Reaching for Each Other Across Imperial Divisions:
A Hanukkah Practice for Dismantling Antisemitism
One feature of imperialism today, and throughout time, is that the imperial power will pit factions within a local community against each other to weaken their ability to organize. This was true in ancient Israel during the time of the Greek-Seleucid empire when assimilationist, priests and traditionalist Jews were deeply divided in their response to Hellenism and eventually to the oppressive decrees of Antiochus. This was the political background to the Hanukkah story that gave rise to the Maccabees. While aspects of these divisions came from internally-driven differences in approaches to Judaism, the hostile environment towards Jewish belief and practice deepened these divisions.
The current environment makes it challenging for Jews with different political and religious approaches to find common cause with each other to challenge anti-semitism. On the right, Jews were told by a non-Jewish sitting president of the United States that if they vote Democrat they are “very disloyal to the Jewish people,” while on the left Jews who publicly identify as “zionist” are shunned from progressive coalitions. While Jews today have legitimate, and deep differences in approaches to domestic politics, theories of change, Israel and Palestine, and more, the anti-semitism that creeps into the way these differences are exploited by the larger world, makes it harder for Jews to organize with each other.
I want to propose that Hannukah be the time we make a conscious tikkun/repair to this dynamic of division. While we need to name and challenge anti-semitism wherever it exists, Hanukah can be a time we focus on our relationship with other Jews and reach for connection. A key feature of anti-semitism, and of all oppression, is the internalization of negative messages about one’s people. One of the best ways we can fight anti-semitism is by not believing the negative messages we’ve internalized about ourselves and other Jews, and by reaching for closeness with all types of Jews, especially those with differing opinions.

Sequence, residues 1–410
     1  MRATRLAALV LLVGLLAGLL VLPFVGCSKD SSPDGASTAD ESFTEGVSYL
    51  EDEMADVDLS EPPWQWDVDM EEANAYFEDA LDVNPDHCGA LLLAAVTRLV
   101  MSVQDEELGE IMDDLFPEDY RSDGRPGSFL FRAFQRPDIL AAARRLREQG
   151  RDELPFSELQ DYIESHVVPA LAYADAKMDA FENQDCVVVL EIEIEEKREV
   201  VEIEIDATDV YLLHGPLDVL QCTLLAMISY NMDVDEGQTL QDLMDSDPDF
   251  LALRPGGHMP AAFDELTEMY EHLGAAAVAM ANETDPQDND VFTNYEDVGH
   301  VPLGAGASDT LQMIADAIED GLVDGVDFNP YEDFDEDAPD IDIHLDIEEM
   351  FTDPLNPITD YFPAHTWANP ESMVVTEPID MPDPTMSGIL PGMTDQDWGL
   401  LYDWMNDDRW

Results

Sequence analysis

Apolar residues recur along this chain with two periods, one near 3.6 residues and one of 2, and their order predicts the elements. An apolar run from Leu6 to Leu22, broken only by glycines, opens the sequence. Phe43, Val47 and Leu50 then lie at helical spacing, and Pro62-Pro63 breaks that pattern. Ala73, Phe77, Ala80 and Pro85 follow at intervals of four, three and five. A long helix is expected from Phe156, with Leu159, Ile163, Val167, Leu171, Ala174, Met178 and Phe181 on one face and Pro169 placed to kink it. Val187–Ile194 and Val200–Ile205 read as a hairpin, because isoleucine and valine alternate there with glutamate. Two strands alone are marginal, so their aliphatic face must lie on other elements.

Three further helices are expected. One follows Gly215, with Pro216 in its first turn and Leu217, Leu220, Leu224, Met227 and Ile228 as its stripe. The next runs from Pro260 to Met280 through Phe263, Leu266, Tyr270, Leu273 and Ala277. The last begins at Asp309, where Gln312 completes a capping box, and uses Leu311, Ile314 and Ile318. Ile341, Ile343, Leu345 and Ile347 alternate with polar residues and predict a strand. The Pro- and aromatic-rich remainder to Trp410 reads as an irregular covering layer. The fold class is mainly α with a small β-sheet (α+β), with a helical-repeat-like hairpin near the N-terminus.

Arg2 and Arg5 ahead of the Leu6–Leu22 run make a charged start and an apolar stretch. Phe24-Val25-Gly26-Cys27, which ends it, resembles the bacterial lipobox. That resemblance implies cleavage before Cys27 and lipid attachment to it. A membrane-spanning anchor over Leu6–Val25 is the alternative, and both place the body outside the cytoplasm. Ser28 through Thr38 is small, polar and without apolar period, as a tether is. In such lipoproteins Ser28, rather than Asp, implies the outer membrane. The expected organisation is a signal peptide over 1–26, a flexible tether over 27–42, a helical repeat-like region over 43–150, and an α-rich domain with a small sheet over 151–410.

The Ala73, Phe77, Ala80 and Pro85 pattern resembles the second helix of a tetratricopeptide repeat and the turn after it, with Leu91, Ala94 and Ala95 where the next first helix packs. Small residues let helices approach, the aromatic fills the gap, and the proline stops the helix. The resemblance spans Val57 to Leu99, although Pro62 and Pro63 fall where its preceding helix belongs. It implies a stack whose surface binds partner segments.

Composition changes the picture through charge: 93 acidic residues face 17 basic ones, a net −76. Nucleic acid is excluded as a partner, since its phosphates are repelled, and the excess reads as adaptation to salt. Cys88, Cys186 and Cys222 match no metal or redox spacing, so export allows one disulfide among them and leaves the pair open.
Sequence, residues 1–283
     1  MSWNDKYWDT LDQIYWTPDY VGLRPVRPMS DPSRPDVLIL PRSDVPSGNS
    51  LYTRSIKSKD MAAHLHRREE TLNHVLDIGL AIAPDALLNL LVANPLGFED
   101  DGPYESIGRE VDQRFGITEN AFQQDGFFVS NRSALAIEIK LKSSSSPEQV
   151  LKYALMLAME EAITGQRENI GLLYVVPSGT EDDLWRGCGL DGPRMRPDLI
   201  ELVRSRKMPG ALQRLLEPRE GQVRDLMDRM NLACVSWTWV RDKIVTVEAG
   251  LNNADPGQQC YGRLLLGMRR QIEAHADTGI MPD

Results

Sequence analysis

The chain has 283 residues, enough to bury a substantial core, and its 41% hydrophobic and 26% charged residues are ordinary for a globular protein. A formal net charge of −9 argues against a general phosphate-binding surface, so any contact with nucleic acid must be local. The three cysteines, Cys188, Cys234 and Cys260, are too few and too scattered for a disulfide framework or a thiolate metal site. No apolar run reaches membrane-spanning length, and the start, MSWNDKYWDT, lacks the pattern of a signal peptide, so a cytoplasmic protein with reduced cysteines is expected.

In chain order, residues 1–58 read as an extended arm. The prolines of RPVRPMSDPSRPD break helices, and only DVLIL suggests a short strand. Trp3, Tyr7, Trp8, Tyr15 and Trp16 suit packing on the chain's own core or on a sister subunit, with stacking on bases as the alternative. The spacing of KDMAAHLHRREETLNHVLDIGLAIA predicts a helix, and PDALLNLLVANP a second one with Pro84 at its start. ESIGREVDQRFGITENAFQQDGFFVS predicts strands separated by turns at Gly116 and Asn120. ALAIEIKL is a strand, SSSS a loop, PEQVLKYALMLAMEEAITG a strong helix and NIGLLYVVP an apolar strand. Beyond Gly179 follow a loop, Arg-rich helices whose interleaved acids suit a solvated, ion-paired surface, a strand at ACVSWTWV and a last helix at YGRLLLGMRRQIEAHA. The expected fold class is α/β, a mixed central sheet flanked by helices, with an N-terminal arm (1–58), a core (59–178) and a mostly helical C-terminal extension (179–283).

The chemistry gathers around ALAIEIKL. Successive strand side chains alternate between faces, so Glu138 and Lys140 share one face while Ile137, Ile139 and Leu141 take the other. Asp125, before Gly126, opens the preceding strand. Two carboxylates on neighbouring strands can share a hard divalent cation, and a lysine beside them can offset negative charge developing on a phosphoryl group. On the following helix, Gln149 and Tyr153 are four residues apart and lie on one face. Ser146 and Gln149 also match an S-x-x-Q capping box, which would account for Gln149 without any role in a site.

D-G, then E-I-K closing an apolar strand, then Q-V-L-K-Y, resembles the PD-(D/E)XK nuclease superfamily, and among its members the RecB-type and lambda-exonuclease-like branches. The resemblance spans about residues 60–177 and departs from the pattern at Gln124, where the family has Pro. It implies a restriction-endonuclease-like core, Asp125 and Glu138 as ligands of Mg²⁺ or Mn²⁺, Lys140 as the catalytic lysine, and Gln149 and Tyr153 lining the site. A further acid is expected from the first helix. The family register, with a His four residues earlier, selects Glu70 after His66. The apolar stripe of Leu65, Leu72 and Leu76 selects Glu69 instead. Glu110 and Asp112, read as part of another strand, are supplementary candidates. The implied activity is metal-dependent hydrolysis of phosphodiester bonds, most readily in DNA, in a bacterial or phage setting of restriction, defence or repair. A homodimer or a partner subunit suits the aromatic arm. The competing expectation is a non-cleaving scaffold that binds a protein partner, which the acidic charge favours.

Rav Nosson of Breslov has a beautiful teaching about Hanukah that can provide spiritual inspiration for this Tikkun/repair. The Talmud (Shabbat 21b) describes three ways the Hanukah menorah can be lit:
One candle each night for the entire household
Each person in the household lights one light each night
Each person in the household lights all eight lights in ascending order.
Based on a teaching from Rebbe Nachman of Breslov (Lekutei Moharan 1:34), he explains:
The one candle for the entire home represents the light of the true Tzaddik/holy, righteous leader and teacher that we learn and grow in hearing/reading their teachings (imagine everyone looking at the same one light)
One candle for each person represents unique aspects of holiness that we can learn from each other (imagine everyone looking at each other’s one light)
The third approach represents each person’s inner righteousness and holiness that grow with cultivation of our inner qualities and relationship with the Divine (imagine everyone looking at their own and each others growing lights)
It is the middle approach that offers us a way forward in healing our alienation from each other. This approach features the appreciation of the uniqueness of each individual, represented by the one candle. Let’s use the eight days of Hanukkah, as we light and look at the flames, to find that holiness throughout the Jewish community, including someone that may have a different political ideology. We may not agree, but we can find the point of holiness, that enables us to come together and organize to defeat anti-semitism, and fufill our eternal mission to bear witness to the possibility of change and liberation for all.
Chodesh Tov and Hanukkah Sameach,
Rabbi David Jaffe